Once anonymity is banned, the harder questions lie in the ethical implications that transparent donations have on the stakeholders. Furthermore, how do we protect sperm donors that were promised anonymity before DTC genetic testing? And how can we best facilitate interactions between children and their biological donors? The multitude of groups involved in sperm donation make the ethical considerations of the practice multifaceted and complex. I would like to focus on the donor and the child, who are the main stakeholders and have different needs and stakes in the problem.


The most concerning issue regarding donors is regarding those that were guaranteed anonymity when they donated sperm. This group is composed of people who donated before DTC testing became widespread, as well as those who donated at clinics that still offer guaranteed anonymity. This group of people have lost their autonomy over how their personal information gets to be shared. Whether or not they want to be contacted by their biological children is no longer a decision in their control.

What can we do to put power back in their hands? The first step is transparency. Clinics should be obligated to inform donors about the reality of DTC genetic testing and the possibility of donor-conceived persons finding and contacting them. Donors will then have a chance to consider if they really want to donate, given they can’t remain anonymous. After collecting samples, clinics should provide resources for donors on how to best interact with future biological children if contacted. These interactions can be incredibly complex and usually carry lots of emotional weight. Though we can never predict exactly what will happen, we should give donors the tools to navigate these situations.

Donor-Conceived Persons:

Recently, there have been growing movements started by donor conceived people to end anonymity. People conceived from sperm donation are another group with a remarkably small sense of autonomy in this process. They have no choice in the process of donation, and often experience growing up with a feeling of loss or confusion about their biological origins. How do we best protect this especially vulnerable group?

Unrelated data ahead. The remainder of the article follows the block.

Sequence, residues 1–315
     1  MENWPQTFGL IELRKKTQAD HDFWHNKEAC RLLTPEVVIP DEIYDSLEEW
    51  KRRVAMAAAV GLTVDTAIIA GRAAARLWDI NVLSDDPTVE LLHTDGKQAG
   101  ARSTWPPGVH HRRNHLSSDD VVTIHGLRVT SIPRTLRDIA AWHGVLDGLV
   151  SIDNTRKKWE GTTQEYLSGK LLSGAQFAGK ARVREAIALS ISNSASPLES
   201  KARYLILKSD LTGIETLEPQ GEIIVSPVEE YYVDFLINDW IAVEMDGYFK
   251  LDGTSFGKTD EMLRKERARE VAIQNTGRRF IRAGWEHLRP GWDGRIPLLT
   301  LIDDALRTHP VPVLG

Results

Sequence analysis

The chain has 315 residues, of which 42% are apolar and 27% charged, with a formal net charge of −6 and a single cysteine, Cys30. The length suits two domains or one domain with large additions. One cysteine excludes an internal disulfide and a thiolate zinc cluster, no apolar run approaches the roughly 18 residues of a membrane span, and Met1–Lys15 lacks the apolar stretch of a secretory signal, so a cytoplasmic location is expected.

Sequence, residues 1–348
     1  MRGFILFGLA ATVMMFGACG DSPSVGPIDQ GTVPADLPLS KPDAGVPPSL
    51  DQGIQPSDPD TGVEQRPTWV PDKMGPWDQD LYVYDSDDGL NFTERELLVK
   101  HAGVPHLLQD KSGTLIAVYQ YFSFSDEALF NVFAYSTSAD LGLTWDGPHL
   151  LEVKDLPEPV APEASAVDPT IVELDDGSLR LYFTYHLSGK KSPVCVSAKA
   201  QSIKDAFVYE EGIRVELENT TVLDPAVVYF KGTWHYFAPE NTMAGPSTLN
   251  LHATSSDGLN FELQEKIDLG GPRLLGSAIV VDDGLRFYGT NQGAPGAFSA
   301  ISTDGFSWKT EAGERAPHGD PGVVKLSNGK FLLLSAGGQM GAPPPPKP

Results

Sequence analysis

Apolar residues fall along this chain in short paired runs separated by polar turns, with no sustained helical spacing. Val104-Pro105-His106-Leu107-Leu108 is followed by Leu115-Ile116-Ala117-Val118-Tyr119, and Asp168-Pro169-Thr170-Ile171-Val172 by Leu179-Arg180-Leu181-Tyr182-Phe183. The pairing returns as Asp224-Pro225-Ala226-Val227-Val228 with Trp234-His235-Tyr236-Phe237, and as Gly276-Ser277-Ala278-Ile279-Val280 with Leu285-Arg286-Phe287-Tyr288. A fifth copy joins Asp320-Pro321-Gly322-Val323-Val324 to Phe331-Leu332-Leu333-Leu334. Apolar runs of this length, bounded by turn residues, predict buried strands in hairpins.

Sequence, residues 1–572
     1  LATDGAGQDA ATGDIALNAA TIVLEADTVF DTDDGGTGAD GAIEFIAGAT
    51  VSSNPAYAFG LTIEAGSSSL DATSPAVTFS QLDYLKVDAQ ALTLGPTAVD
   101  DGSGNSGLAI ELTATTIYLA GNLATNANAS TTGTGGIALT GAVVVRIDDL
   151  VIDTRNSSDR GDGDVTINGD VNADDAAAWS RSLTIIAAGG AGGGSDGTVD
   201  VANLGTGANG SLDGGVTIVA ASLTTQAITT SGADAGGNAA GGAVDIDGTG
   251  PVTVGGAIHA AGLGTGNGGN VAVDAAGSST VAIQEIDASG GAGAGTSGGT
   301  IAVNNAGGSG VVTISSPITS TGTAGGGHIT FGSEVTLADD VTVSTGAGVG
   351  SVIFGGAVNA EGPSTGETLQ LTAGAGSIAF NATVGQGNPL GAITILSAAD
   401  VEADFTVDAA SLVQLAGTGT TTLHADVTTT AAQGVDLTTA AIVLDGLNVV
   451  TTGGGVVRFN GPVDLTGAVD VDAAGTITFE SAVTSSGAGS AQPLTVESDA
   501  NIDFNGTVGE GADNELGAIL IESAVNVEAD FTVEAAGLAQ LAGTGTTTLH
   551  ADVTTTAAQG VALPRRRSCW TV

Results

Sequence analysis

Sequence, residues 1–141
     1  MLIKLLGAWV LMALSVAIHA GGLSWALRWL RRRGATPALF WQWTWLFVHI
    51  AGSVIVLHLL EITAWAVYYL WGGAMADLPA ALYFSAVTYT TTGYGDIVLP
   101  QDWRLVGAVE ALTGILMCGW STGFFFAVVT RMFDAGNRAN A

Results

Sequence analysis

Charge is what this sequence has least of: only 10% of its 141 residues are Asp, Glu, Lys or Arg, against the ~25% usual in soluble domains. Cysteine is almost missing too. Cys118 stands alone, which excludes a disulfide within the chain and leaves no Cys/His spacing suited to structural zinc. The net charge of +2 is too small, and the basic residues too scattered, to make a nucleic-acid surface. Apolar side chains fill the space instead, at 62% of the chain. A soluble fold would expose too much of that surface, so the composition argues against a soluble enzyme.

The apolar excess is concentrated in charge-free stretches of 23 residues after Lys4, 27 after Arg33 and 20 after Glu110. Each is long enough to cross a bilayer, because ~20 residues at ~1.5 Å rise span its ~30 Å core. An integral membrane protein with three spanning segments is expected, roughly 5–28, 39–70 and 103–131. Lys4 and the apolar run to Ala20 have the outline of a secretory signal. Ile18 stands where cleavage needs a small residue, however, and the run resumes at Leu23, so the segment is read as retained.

Many people without this option experience an identity crisis and feel lost about their past. This is one of the most exciting parts of eliminating anonymity. We are giving more power to donor conceived people by allowing them to choose whether they want to know who their biological father is or not.

Further, the shame and disgrace that has been so long associated with sperm donors has long hurt the identities of donor-conceived people. By promoting greater transparency and honesty in the donor-conceived community, it sends a message that there is nothing to be ashamed of. Societal openness of one's origins is immensely powerful in letting a community know they are accepted.


The shift towards non-anonymous sperm donation is an important development in the field of reproductive medicine. There are advantages and disadvantages to this approach, but DTC testing has left us no reasonable choice other than to eliminate anonymity. It is completely unethical for clinics and government officials to uphold the idea that anonymity can be guaranteed. For the sake of all parties involved, the truth must be told.

A non-anonymous system is still a new concept and we by no means have all the answers right now. But if we prioritize the most vulnerable groups and place their needs first, we can start to move towards a better system. In the near future, hopefully the stigmas around donor insemination fades, and we can learn to be fair to all groups involved.

Jun 8, 2022